Role of reading

The role of schools in cultivating expert reading skills in children

There’s bad news for parents – schools have only a secondary role in cultivating reading skills among children. Homes, role-modeled by parents, are the primary spaces for developing higher level reading skills. Reading is a highly intensive, non-reflexive, time-consuming and collegial activity, not suitable for competitive, time-tabled schools.
Happily, nonetheless, schools remain the prime planner, assessor and coach for reading skills for children whose parents are not skilled readers. Short of reading culture
and environment, most homes cannot conceive and enforce the discipline of joyful reading. Thus, the role of planning and monitoring of reading content at home is a critical contribution schools have to make towards developing reading skills among students.
The key tasks in the schools’ share of responsibilities for maximising reading at home are:
1. Create more contexts or opportunities for reading at home – such as flipped classrooms.
Reading of ‘concept conversations’ at home instead of exercises as homework; reading ahead of class at home and teachers should stop reading textbooks in classroom.
2. Devising multiple strategies for assessing reading skills
Parents are clueless on assessing reading and schools must use standards and benchmarks to assess reading gains and feedback parents on improvements needed in reading style and content.
3. Finding a way to monitor the quantity and quality of expected reading at home
To ensure that reading happens at home, schools have to devise ways and means to continuously keep a tab on reading at home. Technology can help in a big way in monitoring reading at home.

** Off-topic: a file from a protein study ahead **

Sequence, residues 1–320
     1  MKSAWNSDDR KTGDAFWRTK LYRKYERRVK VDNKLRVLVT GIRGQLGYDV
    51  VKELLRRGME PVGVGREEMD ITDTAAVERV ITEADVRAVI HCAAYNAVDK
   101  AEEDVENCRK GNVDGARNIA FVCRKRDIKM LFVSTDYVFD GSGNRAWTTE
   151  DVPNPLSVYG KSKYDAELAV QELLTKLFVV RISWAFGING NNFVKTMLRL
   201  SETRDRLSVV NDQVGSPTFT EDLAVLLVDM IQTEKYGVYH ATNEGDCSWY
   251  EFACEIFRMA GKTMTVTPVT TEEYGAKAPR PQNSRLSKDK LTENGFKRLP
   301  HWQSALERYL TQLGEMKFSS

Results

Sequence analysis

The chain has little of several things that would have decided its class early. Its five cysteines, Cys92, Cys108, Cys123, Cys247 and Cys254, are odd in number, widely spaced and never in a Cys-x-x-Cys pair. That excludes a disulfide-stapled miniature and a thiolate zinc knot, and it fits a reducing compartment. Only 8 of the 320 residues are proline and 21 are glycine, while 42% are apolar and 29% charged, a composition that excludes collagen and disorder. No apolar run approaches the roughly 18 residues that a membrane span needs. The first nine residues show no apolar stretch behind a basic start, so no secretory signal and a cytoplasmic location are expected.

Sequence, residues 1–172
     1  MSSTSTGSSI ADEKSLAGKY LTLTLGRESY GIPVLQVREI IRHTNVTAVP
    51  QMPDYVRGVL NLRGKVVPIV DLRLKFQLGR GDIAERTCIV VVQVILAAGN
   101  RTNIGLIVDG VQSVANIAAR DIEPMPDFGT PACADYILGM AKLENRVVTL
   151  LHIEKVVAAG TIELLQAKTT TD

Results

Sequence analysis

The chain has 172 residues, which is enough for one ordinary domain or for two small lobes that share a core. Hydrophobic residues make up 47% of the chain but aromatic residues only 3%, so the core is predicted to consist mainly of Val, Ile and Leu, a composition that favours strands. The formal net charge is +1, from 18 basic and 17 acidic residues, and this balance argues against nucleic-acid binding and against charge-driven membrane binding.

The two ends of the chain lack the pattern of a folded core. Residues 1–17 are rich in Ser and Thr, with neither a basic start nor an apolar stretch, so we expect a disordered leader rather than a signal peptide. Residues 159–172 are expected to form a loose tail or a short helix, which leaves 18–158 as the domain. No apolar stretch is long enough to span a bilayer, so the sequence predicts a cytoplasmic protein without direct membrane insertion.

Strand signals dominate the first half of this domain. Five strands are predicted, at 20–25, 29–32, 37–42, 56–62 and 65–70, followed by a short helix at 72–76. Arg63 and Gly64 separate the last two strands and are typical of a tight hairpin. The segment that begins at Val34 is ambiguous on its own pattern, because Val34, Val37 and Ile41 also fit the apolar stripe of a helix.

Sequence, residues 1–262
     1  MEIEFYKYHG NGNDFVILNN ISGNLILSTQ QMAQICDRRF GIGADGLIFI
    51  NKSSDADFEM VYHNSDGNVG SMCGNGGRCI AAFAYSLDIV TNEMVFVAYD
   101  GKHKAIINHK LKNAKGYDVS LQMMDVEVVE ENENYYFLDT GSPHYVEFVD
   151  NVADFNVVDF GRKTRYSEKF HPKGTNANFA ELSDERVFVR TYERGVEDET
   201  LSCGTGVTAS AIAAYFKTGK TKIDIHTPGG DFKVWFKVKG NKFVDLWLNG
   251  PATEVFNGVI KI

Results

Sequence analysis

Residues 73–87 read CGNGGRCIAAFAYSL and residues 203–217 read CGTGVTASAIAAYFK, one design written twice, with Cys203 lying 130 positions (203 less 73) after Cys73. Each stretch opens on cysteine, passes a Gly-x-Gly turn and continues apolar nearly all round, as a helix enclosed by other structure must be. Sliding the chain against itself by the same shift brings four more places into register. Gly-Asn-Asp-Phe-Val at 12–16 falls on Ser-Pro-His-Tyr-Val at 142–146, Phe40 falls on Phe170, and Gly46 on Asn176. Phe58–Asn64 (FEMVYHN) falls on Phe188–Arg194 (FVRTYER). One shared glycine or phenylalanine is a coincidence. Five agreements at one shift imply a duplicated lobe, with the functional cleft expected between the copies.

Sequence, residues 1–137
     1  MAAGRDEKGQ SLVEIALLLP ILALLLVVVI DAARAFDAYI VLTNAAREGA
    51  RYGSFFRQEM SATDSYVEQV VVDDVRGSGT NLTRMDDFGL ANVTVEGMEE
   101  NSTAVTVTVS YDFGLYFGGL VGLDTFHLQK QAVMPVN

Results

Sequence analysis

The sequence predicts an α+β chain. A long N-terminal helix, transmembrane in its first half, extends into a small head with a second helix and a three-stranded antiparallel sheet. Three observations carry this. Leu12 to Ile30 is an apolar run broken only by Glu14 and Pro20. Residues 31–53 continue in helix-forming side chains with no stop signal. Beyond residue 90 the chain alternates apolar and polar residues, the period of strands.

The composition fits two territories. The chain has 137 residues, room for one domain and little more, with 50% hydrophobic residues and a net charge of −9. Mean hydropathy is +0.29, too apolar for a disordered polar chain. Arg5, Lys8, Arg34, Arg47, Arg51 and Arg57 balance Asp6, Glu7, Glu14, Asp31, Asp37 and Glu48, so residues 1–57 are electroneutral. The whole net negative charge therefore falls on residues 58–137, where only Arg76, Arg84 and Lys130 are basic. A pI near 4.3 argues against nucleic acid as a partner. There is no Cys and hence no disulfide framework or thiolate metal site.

4. Plan contexts for reading in a way that there is an everyday reading task
Reading has to become a habit.
5. Ensure adequate opportunities at school for giving expressions to the reading done at home
Such as everyday discussions/essay writing/critiquing of the content of reading done at home.
6. Continuously work on ensuring widest genre of reading for every student
Filter out appropriate content for reading fictions, science books, history books, science fictions, historical fictions, religious stories, travelogues, non-fictions etc.
7. Encourage reading in all the languages being taught
The language of instruction should get prominence but all other languages must also be read
8. Reading of all the ‘textbooks’ by every student within the first month of the academic session
Reading should be the primary mode of learning for students and they should be required to completely read out all the prescribed text books, cover to cover, as the first step towards learning the content of the syllabi during the year.
To summarise, schools are quite critical to the development of reading among children but the primary reading space will be homes.

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